A LONDON DELFT MANGANESE-GROUND NAMED AND DATED CUP
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A LONDON DELFT MANGANESE-GROUND NAMED AND DATED CUP

1635, SOUTHWARK, PICKLEHERRING QUAY OR MONTAGUE CLOSE

Details
A LONDON DELFT MANGANESE-GROUND NAMED AND DATED CUP
1635, SOUTHWARK, PICKLEHERRING QUAY OR MONTAGUE CLOSE
Globular with a loop handle, named in blue and dated THOMAS·HVNT·OF·EDEN 1635 within a shaded double-line elongated rectangular label, on a powdered-manganese ground between blue rims (faint hairline cracks from rim and minor chipping to rims)
4¼ in. (10.8 cm.) high
Provenance
Anonymous; Christie's, London, 3 February 1975, lot 187.
With Winifred Williams.
Harriet Carlton Goldweitz; Sotheby's, New York, 20 January 2006, lot 7. With Jonathan Horne, London.
Literature
Ivor Noël Hume, 'Early English Delftware from London and Virginia', Colonial Williamsburg Occasional Papers in Archaeology, Williamsburg, 1977, Vol. 2, p. 29.
Louis L. Lipski and Michael Archer, Dated English Delftware, London, 1984, p.159, no. 716.
Harriet Carlton Goldweitz, 'An American Collection of English Pottery: A Chronology 1635-1778', English Ceramic Circle, Transactions, 1984, Vol. 12, Pt. 1, pp. 11-12, pls. 16a-b.
Exhibited
Providence, Rhode Island, Museum of Art, Rhode Island School of Design, Rhode Island Collects Ceramics, 7 February-27 April 1997, no. 47.
Special notice

VAT rate of 5% is payable on hammer price and at 20% on the buyer's premium.

Lot Essay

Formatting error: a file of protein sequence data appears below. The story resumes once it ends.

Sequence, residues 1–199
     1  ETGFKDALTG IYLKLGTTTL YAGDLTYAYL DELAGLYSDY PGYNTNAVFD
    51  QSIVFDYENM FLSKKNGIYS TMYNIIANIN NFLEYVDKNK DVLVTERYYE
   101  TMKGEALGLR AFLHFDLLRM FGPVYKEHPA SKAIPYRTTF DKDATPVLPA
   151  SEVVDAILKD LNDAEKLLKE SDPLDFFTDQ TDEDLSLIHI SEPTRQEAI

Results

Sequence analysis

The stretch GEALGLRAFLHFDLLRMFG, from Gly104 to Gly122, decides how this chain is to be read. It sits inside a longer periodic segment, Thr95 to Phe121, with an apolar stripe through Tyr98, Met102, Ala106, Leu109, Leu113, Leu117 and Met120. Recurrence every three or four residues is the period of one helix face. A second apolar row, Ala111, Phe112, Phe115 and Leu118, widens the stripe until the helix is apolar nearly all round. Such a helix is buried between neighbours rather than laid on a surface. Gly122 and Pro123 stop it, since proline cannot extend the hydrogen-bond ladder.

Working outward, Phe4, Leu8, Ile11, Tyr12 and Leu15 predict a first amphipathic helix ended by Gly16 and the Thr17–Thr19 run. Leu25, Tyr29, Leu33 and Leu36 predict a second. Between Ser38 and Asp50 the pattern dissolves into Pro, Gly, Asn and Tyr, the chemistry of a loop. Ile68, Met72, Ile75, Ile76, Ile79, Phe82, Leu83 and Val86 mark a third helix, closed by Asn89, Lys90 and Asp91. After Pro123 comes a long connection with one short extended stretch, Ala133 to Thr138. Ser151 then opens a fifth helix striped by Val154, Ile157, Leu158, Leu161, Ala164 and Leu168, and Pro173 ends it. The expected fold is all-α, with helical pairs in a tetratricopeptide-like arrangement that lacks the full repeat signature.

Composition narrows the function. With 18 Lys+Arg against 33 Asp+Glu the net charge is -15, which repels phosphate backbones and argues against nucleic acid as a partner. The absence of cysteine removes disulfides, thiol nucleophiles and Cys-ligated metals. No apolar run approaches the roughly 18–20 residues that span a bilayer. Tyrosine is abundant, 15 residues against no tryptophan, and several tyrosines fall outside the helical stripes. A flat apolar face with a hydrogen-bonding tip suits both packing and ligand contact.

The identity of the original owner of the present mug remains elusive. It is unusual however that two surviving named and dated delftware mugs appear to be for the same recipient. A powdered-blue ground mug in the City Museum and Art Gallery, Birmingham is named for THOMAS HUNT AND MARY 1638, inscribed within a shaded elongated cartouche similar to the present mug. When this cup has appeared at auction before, reference has been made to a Thomas Hunt (1611-1683) born in Worcester who entered Pembroke College, Oxford, proceeding to his M.A. in 1636. He later became Master of the Church School of St. Dunstan's-in-the-East, London. It has also been noted that the Parish of Castle Eden near Durham, is recorded by Samuel Lewis in his Topographical Dictionary of England published in 1848. Harriet Carlton Goldweitz, ibid. points out the significance of this cup in the context of fragments excavated in Jamestown, Virginia which put the cup in a contemporary context. Frank Britton, London Delftware, London, 1987, p. 121 illustrates three vessels, including a caudle-cup, with similar manganese decoration which were excavated from a cesspool at Broadway, Hammersmith. There were business connections between the London delft manufacturers and Virginia which would explain the appearence of similar wares in Colonial America. Michael Archer highlights the examples of Sir Thomas Smith who was a partner in a London pot-house and treasurer of the Virginia Company until 1619 and Sir John Harvey, Governor of Virginia in the second quarter of the 17th century, who had links Christian Wilhelm, a potter at Picklherring Quay, Southwark. See Michael Archer and Brian Morgan, 'Fair as China Dishes, English Delftware from the Collection of Mrs. Marion Morgan and Brian Morgan', Exhibition Catalogue, London, 1977, p. 11. Perhaps a Colonial recipient should not be discounted.

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